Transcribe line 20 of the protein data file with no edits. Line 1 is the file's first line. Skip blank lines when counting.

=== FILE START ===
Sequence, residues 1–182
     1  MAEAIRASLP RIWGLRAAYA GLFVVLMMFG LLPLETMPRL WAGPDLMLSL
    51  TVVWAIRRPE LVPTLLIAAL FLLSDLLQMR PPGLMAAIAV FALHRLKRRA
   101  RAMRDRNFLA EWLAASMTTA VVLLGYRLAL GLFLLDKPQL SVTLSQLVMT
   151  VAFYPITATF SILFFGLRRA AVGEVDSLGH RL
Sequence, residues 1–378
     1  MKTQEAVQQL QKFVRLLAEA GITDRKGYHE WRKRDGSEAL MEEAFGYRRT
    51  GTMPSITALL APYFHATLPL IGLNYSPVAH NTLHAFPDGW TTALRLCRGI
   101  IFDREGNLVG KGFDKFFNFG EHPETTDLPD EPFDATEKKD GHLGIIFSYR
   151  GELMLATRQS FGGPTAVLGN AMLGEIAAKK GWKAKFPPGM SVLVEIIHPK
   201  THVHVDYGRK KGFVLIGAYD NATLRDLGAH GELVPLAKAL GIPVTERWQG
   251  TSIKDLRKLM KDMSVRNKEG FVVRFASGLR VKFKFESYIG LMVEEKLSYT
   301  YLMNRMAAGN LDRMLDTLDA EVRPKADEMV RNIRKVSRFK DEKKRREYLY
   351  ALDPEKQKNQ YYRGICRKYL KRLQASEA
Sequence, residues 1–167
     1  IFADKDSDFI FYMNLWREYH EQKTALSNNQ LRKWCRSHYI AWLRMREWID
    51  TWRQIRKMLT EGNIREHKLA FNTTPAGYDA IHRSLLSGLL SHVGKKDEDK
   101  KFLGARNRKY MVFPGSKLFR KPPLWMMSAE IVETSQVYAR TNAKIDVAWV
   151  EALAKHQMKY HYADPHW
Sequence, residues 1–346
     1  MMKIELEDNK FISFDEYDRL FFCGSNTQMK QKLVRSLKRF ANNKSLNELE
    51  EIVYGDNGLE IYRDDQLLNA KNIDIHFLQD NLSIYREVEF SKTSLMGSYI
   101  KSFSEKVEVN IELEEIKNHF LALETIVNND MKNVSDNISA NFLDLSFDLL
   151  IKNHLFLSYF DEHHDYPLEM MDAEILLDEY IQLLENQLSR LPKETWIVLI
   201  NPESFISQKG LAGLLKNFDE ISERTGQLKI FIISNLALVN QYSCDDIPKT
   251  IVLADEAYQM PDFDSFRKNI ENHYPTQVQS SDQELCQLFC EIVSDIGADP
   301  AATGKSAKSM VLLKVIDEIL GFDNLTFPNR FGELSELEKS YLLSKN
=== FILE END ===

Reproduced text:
Sequence, residues 1–346